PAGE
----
You never hear about the pouring sun, do you. They sing songs and do weather warnings about the pouring rain, but they never tell you that sun can pour too. And boy, can it. Maybe you’d have to live in a place like Florida in the heat of summer to really understand it, the way you can feel sun pour on your skin just like water can.
And right now the sun is now pouring down on all three of our heads, making us all sweat.
It’s weird, too, since the sun went down a couple hours ago and it’s still throwing clumps of hotness on us. We told Mike’s mom we were going to the store for stuff to eat, which is usually cool with her since we do it all the time and it’s in walking distance. It’s a safe neighborhood, no danger unless you happen to be an animal trying to cross the road, and we’ve never done anything to make Mike’s parents not trust us. Not that they know of, anyway.
But tonight my friends are in a weird mood. Maybe the heat is making us crazy, but they keep saying “I want to have an adventure!” and I feel that way too, especially since my other choice is sitting in Mike’s room pretending I care about which cards are most valuable in his collection. They’re both into this card game, Mike and Tony, and I don’t care about it but I don’t tell them so.
I’m always like that. Sometimes I think I’m not even a real kid. I’m a follower. I have a lot of original ideas and stuff but when most other kids open their mouths and let them out, I just shut up and do what my friends do. Maybe if I would let my ideas out I’d have more friends, because the guys I hang out with aren’t all that popular at school, so of course I’m not either. Mostly the other kids just don’t pay attention to us but sometimes they think we’re immature. I wish I could say I don’t care, but I do. And I think they’d like me better if I just had the courage to let them know who I am. But I’m afraid I’m just stupid under all the quiet, so I let them believe what they want.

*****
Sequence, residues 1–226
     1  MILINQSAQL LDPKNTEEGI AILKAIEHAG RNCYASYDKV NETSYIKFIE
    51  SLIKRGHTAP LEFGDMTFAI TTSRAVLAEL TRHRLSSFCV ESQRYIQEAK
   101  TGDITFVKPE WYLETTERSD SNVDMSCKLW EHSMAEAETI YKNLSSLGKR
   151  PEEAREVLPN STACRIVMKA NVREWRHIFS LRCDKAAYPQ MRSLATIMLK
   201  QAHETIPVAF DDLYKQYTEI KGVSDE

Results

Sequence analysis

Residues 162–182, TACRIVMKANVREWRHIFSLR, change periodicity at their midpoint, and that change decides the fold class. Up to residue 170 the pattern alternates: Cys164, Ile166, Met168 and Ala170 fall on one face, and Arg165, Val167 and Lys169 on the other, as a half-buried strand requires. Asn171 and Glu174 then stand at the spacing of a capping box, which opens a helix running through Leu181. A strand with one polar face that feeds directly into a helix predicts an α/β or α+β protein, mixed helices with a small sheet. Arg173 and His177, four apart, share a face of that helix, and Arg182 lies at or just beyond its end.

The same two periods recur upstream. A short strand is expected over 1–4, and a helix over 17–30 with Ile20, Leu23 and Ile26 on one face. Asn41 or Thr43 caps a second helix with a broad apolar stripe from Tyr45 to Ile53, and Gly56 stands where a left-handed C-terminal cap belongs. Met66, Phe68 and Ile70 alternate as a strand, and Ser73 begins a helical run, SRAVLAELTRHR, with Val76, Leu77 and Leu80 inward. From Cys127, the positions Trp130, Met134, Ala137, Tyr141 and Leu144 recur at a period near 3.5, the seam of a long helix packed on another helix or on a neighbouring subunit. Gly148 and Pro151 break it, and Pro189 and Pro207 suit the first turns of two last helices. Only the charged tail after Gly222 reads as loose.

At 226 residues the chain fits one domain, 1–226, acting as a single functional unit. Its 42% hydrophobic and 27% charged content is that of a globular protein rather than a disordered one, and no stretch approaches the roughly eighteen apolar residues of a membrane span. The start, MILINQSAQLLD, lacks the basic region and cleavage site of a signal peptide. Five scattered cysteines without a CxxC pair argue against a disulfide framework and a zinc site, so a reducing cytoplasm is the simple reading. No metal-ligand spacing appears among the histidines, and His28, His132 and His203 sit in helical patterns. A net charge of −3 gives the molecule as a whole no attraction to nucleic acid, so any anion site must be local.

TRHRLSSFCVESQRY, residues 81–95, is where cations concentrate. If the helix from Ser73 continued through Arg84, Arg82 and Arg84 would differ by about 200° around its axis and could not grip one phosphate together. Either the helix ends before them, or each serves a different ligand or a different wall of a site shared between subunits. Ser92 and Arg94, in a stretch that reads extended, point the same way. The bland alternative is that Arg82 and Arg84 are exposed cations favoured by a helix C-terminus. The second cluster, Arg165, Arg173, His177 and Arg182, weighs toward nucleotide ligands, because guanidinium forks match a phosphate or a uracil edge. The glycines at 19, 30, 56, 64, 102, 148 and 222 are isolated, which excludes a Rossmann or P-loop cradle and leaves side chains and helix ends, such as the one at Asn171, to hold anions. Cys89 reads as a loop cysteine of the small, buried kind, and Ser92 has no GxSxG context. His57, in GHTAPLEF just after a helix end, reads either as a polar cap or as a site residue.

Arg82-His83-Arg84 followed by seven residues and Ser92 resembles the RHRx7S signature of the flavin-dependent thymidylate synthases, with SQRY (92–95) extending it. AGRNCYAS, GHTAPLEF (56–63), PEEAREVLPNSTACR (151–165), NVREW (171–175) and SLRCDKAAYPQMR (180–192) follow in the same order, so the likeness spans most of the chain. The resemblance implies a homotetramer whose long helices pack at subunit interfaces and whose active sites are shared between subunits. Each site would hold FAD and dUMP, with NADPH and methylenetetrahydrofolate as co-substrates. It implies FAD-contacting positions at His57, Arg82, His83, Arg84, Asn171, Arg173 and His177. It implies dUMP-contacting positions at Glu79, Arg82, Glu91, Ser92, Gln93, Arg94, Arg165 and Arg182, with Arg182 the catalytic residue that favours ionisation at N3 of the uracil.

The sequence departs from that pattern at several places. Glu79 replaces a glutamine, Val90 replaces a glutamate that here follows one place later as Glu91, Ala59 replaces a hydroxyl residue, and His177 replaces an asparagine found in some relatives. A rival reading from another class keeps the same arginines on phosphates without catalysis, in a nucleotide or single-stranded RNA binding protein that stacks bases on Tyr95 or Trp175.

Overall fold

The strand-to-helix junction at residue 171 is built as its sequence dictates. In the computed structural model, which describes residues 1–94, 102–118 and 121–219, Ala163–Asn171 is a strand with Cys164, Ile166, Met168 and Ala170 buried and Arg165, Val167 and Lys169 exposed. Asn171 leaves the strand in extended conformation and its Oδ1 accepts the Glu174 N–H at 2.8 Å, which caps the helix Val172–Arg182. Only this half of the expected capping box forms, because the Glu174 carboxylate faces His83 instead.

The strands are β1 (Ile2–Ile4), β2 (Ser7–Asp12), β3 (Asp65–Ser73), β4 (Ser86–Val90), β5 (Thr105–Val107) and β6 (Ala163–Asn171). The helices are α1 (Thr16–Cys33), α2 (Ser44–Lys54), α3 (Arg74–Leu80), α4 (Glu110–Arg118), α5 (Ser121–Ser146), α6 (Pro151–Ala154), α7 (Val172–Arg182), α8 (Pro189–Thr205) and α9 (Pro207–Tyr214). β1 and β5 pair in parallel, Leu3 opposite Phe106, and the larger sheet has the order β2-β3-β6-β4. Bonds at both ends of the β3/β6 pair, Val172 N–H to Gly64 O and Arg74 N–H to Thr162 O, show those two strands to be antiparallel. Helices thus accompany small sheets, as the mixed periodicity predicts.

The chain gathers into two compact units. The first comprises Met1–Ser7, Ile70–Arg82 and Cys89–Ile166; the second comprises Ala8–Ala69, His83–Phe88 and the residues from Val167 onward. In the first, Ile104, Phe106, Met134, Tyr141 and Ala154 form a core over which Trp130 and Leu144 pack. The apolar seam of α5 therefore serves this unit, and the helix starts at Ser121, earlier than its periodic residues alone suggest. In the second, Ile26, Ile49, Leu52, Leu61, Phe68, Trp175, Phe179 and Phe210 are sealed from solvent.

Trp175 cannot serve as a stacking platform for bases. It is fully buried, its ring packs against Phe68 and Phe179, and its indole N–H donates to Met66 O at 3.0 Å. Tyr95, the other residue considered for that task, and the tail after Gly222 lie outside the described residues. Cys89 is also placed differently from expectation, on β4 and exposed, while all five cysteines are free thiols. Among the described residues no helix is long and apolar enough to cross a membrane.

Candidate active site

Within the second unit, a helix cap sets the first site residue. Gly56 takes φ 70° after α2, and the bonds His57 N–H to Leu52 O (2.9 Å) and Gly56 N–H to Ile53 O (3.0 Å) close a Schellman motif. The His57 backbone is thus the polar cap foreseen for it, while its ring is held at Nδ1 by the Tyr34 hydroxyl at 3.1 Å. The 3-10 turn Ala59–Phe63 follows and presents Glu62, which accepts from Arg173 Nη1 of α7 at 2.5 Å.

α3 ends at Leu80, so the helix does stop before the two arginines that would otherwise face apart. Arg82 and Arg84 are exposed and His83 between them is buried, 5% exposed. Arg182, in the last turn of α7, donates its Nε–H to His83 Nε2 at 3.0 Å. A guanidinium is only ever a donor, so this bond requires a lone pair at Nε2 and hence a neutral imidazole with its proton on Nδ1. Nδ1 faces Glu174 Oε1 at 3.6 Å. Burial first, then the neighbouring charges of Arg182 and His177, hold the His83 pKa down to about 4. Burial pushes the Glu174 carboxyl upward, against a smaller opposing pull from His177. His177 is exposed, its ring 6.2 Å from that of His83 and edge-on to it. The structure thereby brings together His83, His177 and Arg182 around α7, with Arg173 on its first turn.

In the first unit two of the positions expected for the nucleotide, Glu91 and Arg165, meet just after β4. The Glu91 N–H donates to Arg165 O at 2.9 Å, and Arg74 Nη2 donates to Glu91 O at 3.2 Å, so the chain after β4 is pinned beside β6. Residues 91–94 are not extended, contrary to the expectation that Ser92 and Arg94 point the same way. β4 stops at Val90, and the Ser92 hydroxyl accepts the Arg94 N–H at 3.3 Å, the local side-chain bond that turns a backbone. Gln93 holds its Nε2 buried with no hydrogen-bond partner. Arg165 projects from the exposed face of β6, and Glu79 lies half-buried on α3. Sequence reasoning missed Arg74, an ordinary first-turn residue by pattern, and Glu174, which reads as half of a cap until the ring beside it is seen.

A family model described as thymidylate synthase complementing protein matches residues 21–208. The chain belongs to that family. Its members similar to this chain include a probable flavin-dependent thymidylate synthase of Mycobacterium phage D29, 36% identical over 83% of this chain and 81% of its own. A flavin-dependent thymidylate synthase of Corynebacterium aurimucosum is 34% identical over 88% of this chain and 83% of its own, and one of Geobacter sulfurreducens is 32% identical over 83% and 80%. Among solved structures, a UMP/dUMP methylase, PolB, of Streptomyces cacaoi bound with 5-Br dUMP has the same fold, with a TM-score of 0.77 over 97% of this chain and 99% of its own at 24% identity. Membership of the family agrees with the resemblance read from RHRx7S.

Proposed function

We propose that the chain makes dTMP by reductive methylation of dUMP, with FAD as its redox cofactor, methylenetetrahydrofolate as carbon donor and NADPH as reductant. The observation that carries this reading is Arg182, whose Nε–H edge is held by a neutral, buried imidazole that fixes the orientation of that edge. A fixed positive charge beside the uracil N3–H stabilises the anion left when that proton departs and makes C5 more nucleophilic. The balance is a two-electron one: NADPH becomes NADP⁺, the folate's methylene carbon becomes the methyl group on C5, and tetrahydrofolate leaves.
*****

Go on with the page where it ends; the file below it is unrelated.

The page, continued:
Like now, I feel weird because I don’t have my backpack, but Tony told me to leave it at Mike’s and I just did. So this is, like, a part of my life that isn’t in Fritz’s book, because he can’t see me. This is all off the record. It feels kind of wrong, but kind of weirdly grown-up, too, independent. I feel adult wandering through the streets with my friends when no parents know what we’re doing, and I wonder where this is going to lead.
We end up in the forest between Mike’s neighborhood and the one I lived in before my parents split up. I almost get sick watching Mike chase a beetle and step on it, but I try not to show that I care. I hate that I’m so weak I can’t even speak up for that bug’s life, and now it’s over. I start wishing the “adventure” would be finished, wanting to go back to Mike’s, or to my dad’s house, wherever.
Mosquitoes start biting us so we try to get out of the forest quickly. But the heat makes us too hot to run at full speed, and once we manage to clear the trees we’re all sweaty. Tony announces that the answer would be to go swimming.
“Where’re we gonna go swimming, you idiot?” Mike asks. Tony answers by throwing a dirt clod at him.
“One of these neighborhoods has a community pool. We could just hop the fence and jump in.”
“What if it’s closed?” I pipe up.
“Of course it’ll be closed, moron,” says Tony. “It’s after dark. But who cares? You wanna go swimming don’cha?”
I don’t really wanna swim, but I do want to not be hot anymore. I just nod to him. “If someone catches us we could get in trouble, though,” I say.
“Yeah, right,” Tony scoffs. “If anyone gives us crap for it, we’ll just say ‘sorry, our friend Bay’s a moron who can’t read the closed sign.’”
“We’ll forgive you if you can’t read,” teases Mike, joining in.
“Shut up!” I say, feeling resentful that they’re ganging up on me. Great, now I look like a goody-goody. “If you guys are so smart,” I keep going after I thought for a minute, “what clothes are we supposed to swim in, huh?”
“Just your pants, duh.”